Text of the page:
Future Agronomics

February 2, 2010
By Daniel VanOverbeke BRONZE, Fairmount, North Dakota
Daniel VanOverbeke BRONZE, Fairmount, North Dakota
3 articles 3 photos 0 comments

Future Agronomics
The world’s population is exploding, and we haven’t been able to keep up with the demand for food. I feel that future holds more of the same in regards to food supply. With the population expected to reach 10 to 20 billion by 2050, I feel that technology will not be able to develop fast enough to feed the millions of starving nations.

The challenges we face are enormous, due to the fact that so many countries are still developing and not doing their share to provide for the food shortage. With our current strategy, our resources are being threatened, destroying our land, soil, air and water. Using the plan now in place, the resources needed to produce agriculture products are deteriorating at an exponential rate. Developing countries will have to step up to the plate and produce adequate amounts of agriculture goods. The obstacles present opportunities for developing counties such as Chile, Ukraine, and ect. With so far to come, the developing countries have the chance to take advantage and produce agriculture for the starving world. These countries can become educated and therefore making their knowledge of Agriscience stronger. With the need for improved methods, jobs will be presented providing many students globally the opportunity for agriculture education. All in all, the malnutrition problem is immense and only can be solved in a global effort.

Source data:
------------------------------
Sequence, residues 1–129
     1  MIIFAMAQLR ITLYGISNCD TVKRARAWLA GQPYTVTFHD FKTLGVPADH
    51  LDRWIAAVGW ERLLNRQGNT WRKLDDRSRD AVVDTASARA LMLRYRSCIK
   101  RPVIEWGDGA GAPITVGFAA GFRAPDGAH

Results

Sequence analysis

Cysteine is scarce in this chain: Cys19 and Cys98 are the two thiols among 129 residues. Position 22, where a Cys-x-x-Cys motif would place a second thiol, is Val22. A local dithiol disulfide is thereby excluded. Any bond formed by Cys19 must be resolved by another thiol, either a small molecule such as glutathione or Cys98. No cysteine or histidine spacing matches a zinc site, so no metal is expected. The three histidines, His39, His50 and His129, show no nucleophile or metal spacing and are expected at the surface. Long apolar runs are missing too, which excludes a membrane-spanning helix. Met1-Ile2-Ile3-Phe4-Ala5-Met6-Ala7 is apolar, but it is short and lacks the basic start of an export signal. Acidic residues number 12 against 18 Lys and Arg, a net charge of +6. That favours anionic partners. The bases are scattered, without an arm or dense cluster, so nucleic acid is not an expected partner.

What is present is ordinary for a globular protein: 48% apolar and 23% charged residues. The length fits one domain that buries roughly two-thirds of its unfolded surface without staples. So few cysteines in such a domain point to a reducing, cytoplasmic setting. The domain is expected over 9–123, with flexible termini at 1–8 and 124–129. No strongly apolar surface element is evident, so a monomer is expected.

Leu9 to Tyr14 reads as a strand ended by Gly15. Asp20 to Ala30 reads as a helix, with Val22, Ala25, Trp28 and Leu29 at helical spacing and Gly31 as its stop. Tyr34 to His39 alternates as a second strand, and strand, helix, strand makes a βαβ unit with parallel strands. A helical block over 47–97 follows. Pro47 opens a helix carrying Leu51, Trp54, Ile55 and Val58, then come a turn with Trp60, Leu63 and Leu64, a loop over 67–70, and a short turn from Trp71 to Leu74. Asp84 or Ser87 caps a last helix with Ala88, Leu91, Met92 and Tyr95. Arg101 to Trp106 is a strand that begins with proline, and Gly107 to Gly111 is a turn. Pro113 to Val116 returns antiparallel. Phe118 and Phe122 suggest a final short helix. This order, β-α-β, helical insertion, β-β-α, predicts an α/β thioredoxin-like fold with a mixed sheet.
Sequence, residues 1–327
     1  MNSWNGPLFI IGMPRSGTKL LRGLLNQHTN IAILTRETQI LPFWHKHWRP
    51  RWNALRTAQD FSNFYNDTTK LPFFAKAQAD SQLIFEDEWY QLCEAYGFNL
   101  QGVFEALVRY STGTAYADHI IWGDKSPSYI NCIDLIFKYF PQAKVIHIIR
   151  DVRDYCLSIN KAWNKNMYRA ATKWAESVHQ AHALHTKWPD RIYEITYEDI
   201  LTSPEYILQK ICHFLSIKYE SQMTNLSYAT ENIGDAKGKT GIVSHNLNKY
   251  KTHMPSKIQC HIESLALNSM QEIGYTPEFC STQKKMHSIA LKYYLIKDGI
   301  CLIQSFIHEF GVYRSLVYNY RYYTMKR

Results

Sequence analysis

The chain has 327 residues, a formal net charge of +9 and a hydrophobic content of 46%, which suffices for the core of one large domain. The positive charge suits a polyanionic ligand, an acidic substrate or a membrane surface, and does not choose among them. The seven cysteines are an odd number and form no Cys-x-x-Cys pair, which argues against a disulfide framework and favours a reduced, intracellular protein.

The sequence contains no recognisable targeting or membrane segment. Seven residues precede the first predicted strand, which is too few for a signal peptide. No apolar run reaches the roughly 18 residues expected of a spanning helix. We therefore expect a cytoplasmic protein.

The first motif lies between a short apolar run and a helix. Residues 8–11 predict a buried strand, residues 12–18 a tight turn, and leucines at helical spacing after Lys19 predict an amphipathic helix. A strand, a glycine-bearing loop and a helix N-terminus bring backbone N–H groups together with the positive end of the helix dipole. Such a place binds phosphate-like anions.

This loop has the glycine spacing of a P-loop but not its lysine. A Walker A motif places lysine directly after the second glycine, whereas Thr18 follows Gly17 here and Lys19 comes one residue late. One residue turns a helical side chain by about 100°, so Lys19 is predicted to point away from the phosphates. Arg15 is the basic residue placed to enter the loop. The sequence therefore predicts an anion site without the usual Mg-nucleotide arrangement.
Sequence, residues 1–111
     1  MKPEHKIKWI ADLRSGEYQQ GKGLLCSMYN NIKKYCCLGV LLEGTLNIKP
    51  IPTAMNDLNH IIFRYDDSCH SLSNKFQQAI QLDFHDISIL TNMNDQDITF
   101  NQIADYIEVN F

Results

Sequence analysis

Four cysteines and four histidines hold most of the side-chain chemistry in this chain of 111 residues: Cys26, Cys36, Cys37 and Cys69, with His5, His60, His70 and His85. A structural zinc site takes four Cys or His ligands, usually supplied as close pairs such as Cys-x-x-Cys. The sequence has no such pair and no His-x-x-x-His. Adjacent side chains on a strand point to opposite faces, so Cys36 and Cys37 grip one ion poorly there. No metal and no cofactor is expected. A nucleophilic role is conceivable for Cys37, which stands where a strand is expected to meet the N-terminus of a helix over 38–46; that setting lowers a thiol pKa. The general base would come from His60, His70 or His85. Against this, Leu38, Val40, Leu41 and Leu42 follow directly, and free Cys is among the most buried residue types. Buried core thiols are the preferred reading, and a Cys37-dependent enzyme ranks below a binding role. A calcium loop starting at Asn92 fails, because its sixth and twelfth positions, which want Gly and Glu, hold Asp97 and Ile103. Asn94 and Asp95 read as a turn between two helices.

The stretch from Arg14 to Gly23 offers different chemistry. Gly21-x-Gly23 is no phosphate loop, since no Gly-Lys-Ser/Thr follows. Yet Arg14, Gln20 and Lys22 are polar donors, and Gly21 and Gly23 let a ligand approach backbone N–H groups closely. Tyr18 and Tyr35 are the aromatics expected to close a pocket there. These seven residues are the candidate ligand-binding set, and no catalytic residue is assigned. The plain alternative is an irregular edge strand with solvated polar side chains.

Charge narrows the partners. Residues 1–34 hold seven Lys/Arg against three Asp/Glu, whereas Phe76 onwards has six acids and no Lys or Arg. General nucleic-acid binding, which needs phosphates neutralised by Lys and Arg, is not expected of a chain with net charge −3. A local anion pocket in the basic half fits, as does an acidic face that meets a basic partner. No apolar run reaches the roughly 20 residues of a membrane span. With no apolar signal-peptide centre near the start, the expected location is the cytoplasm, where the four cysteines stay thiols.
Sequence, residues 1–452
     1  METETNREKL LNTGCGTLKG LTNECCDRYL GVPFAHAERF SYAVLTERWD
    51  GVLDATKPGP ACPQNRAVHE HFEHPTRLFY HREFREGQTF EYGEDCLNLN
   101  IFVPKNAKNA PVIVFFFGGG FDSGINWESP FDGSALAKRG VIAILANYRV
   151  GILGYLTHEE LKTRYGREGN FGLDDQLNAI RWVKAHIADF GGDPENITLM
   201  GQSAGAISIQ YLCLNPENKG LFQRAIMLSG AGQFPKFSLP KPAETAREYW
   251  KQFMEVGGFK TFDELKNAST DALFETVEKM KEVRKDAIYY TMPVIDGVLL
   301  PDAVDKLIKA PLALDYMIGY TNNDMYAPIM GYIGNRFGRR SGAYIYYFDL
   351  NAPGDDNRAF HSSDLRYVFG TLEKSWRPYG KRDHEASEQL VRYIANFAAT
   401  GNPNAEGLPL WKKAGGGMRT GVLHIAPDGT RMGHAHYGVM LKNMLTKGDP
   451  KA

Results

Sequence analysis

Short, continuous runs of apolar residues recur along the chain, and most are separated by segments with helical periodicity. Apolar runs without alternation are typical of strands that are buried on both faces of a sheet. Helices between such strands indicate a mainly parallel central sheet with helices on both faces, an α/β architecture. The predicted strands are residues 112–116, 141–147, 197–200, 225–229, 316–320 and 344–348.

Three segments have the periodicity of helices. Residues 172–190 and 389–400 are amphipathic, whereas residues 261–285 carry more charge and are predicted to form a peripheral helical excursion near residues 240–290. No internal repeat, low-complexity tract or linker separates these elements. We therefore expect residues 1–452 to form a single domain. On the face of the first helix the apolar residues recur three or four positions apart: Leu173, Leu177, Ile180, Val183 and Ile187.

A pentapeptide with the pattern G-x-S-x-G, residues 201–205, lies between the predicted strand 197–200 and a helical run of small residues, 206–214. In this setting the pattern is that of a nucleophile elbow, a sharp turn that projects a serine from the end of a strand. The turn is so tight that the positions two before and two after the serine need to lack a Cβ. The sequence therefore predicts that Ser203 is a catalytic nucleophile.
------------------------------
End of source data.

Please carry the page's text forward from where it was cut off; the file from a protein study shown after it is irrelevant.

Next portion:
Continuing on that note, I feel the United States should not be totally responsible for solving all the agricultural problems, but should take the role as the educator. The United States is the leader in producing and manufacturing agricultural goods. We have the best knowledge of agriculture, so therefore we should share it in research and development, and relay this information to developing countries.
I believe we start by holding global seminars provided for less dependent nations. These less dependent will be able to contribute new ideas to the global problem. Laws should be put into place to insure the progress of these countries. Agriculture science will need to be taught in school to also educate the future producers. These countries have nothing to lose; only gaining affordable food and a solid economy. The opportunity is there for less advanced nations to expand their resource and development.

The United States also has a choice in abandoning are caring strategy and provide only for ourselves. By this I mean highly taxing exports and keeping new agricultural information secret. Doing this would starve millions of people. I feel that the education method is the obvious choice. Developed nations are currently working on new and innovative agricultural methods that will help our dire situation. All in all, global teamwork will be needed to overcome the malnutrition problem.

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